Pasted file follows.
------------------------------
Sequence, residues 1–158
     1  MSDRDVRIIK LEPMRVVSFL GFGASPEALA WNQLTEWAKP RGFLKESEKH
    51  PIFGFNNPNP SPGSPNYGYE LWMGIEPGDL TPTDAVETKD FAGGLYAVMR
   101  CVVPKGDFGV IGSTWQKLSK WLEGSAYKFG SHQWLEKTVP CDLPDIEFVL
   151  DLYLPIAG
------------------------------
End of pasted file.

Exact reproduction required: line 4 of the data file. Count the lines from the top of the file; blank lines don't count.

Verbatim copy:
   101  CVVPKGDFGV IGSTWQKLSK WLEGSAYKFG SHQWLEKTVP CDLPDIEFVL